What is personalized learning, and how does technology help make it happen? These were the questions I needed to answer for myself, and which I pursued in the research articles in the MSU libraries. Richard Culatta’s TEDx video gave me a place to start in my understanding. The articles An Operationalized Understanding of Personalized Learning and Personalized Learning in Algebra helped me advance my understanding.
One of the first things I realized in my studies was that personalized learning does not have a strict definition. Much like constructivism, personalized learning is more of a methodology. According to Richard Culatta, personalized learning enables real-time feedback, allows adjusting of pace, gives learners agency, creates creators, and enables mass customization through the collection of big data(Culatta, 2013). This is a tall order for any educational system, and leaves many teachers wondering how they could possibly implement it. Basham indicates that there is not consensus on what personalized learning is nor how to implement it . He states that “personalized learning is extremely disruptive to the traditional education system”… because it places the learner and his or her diverse needs at the center of the classroom, minimizing traditional performance measures.(Basham et al. 2016) Meanwhile, Walkington kept his definition of personalized learning pretty narrow in looking for ways to implement it in a mathematics classroom. He sounded more like a constructivist than Culatta when talking about tailoring math problems to the interests and knowledge that students bring with them into the classroom, thereby fostering interest and boosting motivation. Personalized learning has become so much of a buzzword in education circles that it can be difficult to pin down exactly what it is.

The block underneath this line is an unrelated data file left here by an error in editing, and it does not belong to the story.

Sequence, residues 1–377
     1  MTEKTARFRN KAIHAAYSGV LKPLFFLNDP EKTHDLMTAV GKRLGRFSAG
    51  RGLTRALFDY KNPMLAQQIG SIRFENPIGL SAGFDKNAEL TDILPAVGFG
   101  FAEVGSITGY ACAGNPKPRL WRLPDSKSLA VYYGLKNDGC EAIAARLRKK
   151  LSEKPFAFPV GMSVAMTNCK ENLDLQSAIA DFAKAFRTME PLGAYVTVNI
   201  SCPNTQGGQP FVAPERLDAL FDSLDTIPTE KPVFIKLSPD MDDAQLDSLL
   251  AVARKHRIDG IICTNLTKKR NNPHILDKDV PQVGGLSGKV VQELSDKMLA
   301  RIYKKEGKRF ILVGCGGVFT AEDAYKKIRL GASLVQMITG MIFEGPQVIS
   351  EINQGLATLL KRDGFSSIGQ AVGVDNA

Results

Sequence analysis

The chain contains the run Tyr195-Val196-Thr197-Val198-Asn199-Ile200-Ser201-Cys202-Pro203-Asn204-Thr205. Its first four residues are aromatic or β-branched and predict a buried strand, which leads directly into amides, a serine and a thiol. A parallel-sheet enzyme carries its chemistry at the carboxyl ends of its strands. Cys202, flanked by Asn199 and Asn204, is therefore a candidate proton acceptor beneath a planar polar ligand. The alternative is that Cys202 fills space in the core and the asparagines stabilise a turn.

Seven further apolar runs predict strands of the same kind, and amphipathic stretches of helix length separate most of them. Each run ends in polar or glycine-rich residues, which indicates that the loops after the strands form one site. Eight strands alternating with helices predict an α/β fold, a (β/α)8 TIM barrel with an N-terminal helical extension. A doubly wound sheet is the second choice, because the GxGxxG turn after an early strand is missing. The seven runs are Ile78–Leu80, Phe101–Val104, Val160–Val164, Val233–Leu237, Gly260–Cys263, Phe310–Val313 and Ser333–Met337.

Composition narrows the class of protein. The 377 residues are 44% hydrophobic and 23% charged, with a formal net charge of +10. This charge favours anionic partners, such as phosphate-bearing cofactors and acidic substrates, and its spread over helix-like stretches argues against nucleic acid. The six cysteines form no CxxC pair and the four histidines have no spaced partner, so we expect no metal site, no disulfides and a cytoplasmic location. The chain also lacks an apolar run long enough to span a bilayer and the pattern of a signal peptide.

It can be tempting to think that personalized learning is just the latest fad in education, pushed by tech companies that have software packages to sell, but I think there are important ideas here that educators should embrace. I think its important to keep in mind the ways in which students learn. The basis of any constuctivist theory is that “meaning is constructed by the learner.” (O’Donnell, p.61) This indicates that learning, constructing mean, is an individual process. Learners are all different individuals with their own strengths and weaknesses. A lot of teacher preparation courses stress getting to know students as individuals, the better to tailor lessons for them. Personalized learning just seems an extension of this. It just kicks it up a notch and further empowers the learner, and technology enables this personalization to go a lot further. Technology allows delivery of content in a multitude of mediums. It allows feedback to be instant. It can place students in the driver’s seat of their own learning path in a way that is nigh impossible to manage without the assistence of technology. It is just important to keep in mind that not all software packages that tout ‘personalized learning’ may actually be in keeping with that Richard Cullata describes. Technology is just another tool, not a solution.
One aspect of personalized learning as described by Culatta stuck out, because I didn’t find it in other definitions. Culatta mentions that personalized learning “creates creators”. This ties personalized learning right into the maker movement. If teachers can design their curriculum so that students are exploring or demonstrating their understanding by creating something, after a personalized lesson/choice they can take advantage of the increased motivation and higher level thinking skills that both these movements seek to activate.
I love these ideas and the possibilities that come to mind, but my research failed to answer my questions about one aspect of personalized learning. How can I possibly implement any of it, when I lack regular access to computers/laptops? Perhaps the answer for me lies more in the maker movement, than software.